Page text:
When Donnie Picou reflects on the legacy of his band, Bas Clas, he can’t help but be taken aback.

What started as an ’80s new wave bar band in Lafayette morphed into this mythic massive monster whose story grew with each passing decade.

“When we came back, it was kind of like there was this legend about the music that I didn’t even know existed,” said Picou, the singer and guitarist of the band.

Just this year, the band released “In Wonderland,” its third album in four years. The nine-song LP features those new wave-like guitars and keyboard lines against familiar Louisiana sounds such as vocals from the all-female Americana group Sweet Cecilia and saxophone from the legendary Dickie Landry.

And the band isn’t done.

“Our next thing is to go back in the studio in August,” Picou said. “I just want to keep going as fast as we can. And as often as we can, I want us to put out CDs.”

Though Picou wants to write and record as much as possible, it’s tough. Picou resides in Atlanta. Drummer Ted Cobena lives in Florida. Bassist Geoff Thistlethwaite lives in Opelousas, and Donnie’s brother, Steve, lives in New Orleans.

“That’s part of the challenge of modern-day Bas Clas,” Picou said, laughing. “We’re all scattered about.”

When the band started in the late 1970s, early 1980s, there was a renaissance in Cajun music. A few local bands at that time were even mixing rock ’n’ roll with the Louisiana sounds.

But even then, Bas Clas couldn’t get a foot in the door.

“Even when we fit in and we were playing more country-rock stuff, nobody liked it,” Picou said. “They wanted to hear the jukebox. So when we found that out, we just agreed we should do it exactly how we wanted to do it.”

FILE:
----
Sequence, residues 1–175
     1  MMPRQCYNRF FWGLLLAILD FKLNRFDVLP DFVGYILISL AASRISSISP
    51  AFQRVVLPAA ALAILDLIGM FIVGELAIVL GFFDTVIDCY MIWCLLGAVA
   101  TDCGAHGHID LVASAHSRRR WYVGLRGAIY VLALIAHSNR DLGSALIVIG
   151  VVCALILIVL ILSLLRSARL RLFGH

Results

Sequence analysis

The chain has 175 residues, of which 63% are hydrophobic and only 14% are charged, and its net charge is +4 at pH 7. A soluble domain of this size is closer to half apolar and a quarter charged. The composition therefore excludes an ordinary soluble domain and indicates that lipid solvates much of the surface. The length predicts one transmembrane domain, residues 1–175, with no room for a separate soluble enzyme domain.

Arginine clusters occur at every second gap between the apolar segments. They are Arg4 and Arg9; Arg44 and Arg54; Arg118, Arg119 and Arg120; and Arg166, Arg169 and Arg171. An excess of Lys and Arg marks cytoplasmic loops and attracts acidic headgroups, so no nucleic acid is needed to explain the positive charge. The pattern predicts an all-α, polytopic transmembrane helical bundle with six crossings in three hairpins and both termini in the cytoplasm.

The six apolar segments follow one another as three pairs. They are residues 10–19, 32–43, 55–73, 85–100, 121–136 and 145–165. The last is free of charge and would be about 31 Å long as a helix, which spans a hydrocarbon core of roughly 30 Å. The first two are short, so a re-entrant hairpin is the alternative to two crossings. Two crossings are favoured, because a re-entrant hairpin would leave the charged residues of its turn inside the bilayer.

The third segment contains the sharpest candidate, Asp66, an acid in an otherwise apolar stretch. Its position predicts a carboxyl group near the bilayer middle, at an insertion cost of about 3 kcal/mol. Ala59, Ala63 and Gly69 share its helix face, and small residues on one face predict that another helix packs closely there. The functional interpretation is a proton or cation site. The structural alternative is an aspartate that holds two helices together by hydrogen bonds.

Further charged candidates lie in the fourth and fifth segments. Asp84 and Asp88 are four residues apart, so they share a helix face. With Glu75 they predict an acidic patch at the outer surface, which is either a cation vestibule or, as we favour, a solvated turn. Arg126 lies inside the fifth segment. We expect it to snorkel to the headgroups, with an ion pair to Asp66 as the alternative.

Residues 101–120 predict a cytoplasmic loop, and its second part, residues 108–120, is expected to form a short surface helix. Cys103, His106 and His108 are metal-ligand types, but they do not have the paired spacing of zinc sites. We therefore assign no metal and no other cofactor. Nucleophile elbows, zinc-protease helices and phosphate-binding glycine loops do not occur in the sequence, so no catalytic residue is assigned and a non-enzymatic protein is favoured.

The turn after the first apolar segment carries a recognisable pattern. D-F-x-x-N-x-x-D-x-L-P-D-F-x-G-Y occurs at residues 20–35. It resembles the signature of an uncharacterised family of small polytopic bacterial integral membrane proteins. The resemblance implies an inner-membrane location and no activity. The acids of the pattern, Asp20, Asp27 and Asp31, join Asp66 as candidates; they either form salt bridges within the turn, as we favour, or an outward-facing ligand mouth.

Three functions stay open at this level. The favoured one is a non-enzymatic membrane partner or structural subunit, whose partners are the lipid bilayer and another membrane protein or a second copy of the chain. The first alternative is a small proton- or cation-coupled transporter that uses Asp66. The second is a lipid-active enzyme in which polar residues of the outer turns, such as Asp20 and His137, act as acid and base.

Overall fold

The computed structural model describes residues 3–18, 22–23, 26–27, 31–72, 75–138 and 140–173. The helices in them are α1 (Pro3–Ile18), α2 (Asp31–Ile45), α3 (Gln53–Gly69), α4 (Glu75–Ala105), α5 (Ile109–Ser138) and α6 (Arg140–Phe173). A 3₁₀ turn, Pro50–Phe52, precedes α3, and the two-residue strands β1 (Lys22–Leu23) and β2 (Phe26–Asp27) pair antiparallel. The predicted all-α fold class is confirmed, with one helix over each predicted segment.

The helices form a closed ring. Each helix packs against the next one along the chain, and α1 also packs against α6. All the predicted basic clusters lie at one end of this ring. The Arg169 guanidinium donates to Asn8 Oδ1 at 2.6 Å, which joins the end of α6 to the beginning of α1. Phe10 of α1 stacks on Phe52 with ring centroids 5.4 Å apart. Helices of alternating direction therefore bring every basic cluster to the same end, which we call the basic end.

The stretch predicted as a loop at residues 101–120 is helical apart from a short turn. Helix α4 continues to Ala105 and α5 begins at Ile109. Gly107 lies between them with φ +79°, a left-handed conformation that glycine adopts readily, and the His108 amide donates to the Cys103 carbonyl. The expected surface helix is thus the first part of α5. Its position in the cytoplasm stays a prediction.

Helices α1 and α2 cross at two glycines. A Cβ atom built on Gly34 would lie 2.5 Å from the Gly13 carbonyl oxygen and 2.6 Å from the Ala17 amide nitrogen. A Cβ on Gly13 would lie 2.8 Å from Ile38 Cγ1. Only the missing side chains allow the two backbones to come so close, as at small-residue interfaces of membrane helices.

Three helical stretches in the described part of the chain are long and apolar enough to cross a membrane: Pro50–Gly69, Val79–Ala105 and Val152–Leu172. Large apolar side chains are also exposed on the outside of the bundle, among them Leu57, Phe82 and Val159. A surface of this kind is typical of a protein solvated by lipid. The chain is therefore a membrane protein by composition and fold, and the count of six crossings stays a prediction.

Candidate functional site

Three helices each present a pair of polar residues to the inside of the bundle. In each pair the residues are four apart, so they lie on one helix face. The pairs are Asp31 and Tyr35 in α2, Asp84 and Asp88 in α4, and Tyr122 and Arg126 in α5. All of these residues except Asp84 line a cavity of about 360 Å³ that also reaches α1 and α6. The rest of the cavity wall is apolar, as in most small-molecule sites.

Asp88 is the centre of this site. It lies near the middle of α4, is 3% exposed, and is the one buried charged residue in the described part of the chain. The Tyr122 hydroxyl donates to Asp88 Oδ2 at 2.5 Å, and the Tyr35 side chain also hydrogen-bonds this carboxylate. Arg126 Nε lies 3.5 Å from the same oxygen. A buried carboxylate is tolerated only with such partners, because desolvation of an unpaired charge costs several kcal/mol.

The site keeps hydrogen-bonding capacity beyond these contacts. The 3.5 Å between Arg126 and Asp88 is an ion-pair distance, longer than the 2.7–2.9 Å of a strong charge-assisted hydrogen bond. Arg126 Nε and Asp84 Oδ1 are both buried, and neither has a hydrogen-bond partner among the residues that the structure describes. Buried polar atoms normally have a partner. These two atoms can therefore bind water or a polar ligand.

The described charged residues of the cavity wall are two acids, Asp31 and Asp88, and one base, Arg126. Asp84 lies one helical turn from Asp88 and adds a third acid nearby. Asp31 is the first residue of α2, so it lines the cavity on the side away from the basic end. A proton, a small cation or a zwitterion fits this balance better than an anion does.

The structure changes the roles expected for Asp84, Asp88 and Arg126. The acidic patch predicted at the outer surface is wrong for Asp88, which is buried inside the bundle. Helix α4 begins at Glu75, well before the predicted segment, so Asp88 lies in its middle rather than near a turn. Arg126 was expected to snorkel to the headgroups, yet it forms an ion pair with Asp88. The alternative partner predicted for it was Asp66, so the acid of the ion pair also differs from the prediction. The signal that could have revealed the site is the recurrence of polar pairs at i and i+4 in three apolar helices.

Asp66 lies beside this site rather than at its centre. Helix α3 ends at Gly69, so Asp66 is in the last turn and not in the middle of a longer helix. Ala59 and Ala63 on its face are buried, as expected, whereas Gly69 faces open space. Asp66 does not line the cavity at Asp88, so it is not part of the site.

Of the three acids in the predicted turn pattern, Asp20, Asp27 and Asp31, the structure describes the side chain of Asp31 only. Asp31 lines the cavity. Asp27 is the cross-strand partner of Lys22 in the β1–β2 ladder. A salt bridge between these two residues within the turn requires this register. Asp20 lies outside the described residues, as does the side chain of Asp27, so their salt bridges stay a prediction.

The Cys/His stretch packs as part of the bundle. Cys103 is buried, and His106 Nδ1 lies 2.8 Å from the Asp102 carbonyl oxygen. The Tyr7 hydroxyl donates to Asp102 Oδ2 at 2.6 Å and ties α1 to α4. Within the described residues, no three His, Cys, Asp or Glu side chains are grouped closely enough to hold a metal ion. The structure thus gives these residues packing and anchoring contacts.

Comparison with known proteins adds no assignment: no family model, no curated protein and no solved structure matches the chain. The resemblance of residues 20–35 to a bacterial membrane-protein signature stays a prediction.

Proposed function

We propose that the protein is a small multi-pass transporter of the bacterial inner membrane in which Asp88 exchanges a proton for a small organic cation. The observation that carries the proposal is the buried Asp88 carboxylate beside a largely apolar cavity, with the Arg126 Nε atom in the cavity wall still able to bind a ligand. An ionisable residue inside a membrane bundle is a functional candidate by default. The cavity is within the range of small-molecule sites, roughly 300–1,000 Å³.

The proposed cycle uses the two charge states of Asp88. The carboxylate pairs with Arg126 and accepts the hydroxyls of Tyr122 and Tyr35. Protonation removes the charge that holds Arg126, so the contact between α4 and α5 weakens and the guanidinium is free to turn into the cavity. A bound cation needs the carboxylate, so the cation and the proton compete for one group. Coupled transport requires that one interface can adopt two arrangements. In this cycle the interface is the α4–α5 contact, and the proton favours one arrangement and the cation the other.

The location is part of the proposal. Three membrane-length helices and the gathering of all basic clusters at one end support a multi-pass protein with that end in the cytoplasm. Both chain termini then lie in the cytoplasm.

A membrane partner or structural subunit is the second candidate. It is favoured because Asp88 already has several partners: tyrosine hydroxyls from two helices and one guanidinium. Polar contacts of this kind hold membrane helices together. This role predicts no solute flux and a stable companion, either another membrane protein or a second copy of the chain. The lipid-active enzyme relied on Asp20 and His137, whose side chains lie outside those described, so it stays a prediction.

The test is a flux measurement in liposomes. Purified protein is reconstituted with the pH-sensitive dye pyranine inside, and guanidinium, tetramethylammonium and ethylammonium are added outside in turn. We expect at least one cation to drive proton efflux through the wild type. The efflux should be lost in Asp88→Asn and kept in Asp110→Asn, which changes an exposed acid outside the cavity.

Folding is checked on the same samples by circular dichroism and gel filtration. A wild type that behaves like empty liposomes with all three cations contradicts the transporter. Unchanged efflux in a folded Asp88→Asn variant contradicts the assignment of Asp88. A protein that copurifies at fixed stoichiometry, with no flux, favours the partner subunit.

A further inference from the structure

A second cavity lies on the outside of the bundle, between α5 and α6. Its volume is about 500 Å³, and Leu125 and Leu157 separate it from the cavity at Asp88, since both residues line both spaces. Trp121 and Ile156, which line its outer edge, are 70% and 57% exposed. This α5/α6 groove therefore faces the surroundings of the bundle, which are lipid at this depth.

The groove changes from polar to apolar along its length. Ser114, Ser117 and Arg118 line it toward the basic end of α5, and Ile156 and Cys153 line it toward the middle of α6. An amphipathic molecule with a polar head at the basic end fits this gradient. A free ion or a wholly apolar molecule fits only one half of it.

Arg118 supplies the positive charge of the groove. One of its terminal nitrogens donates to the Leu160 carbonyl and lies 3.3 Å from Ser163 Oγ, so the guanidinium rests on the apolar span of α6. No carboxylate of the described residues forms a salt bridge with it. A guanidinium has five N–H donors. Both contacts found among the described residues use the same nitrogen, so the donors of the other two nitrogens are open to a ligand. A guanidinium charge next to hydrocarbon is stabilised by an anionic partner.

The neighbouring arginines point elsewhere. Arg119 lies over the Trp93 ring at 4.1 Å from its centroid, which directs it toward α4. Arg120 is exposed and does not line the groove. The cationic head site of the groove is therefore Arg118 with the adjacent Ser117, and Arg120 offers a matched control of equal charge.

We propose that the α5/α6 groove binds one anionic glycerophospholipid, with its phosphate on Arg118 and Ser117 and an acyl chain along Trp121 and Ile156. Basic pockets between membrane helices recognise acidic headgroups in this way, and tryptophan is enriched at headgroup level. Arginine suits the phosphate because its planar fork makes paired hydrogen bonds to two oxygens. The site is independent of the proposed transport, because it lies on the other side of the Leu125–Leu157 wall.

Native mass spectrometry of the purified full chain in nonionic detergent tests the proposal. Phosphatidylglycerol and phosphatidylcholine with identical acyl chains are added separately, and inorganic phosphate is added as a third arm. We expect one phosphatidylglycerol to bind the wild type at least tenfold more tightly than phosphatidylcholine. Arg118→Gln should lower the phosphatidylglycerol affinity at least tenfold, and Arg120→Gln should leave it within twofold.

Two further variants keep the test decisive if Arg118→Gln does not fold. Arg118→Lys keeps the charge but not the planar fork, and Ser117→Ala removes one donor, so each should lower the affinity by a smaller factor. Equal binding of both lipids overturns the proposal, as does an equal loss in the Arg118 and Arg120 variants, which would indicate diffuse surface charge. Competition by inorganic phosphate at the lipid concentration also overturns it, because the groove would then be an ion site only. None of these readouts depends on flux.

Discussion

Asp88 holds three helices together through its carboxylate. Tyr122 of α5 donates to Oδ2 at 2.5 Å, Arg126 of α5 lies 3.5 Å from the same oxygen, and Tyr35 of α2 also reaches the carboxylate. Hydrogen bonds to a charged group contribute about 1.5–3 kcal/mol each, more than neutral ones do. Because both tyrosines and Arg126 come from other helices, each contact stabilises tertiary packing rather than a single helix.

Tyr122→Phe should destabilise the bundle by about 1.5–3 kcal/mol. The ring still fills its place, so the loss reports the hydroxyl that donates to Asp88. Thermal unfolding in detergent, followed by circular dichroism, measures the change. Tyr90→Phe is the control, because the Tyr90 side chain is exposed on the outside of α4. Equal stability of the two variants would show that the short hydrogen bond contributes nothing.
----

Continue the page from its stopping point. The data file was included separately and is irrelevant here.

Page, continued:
The band added more rock to its mix. They dug into the sounds of Elvis Costello, The Clash, Graham Parker and The Ramones.

“That’s when Bas Clas found its footing,” Picou said. “We were still not liked.”

But later on, the band started playing a weekly Monday night gig at Mother’s Mantle, located off Jefferson Street near a strip of other clubs.

“The club owners gave us the gig to pick on us,” Picou said. “We would play for the door, and the cover was only a dollar. We treated it like live band practice.”

Sure enough, the band found a crowd, and by 1986, it had moved to Atlanta, making a name for itself.

By the turn of the decade, the band didn’t quit; it just stopped playing. Some members moved back to Louisiana. Others picked up other gigs in Atlanta.

“We never broke up,” Picou said. “We just weren’t playing for a long time.”

That changed in 2003 when Picou got a call from Lafayette to play in the annual Medicine Ball show at the now-closed Grant Street Dancehall.

“We hadn’t played together in many years,” Picou said. “We thought, ‘What the hell; it sounds like fun.’ After the show, we thought, ‘Let’s do this some more.’ Little by little, we started playing more and more.”

A gig here, and a gig there, and Steve Nails, of Dockside Studios, encouraging the band to release some material — it all led up to a 2012 release (“Big Oak Tree”) and a performance at Festival International. The gigs and releases have continued.

“We play when we can pull everyone together,” he said. “We’re quiet on the live front now, but we are getting ready to come back out.”

Picou said they have 16 songs written and almost ready. Whatever you do, don’t call it a reunion the next time you see or hear Bas Clas.

“I always bristled when people called it a reunion,” Picou said. “I hated that word. We’re a live band. We’re living. We’re in the moment, not some relic of the past.”

Follow Matthew Sigur on Twitter, @MatthewSigur.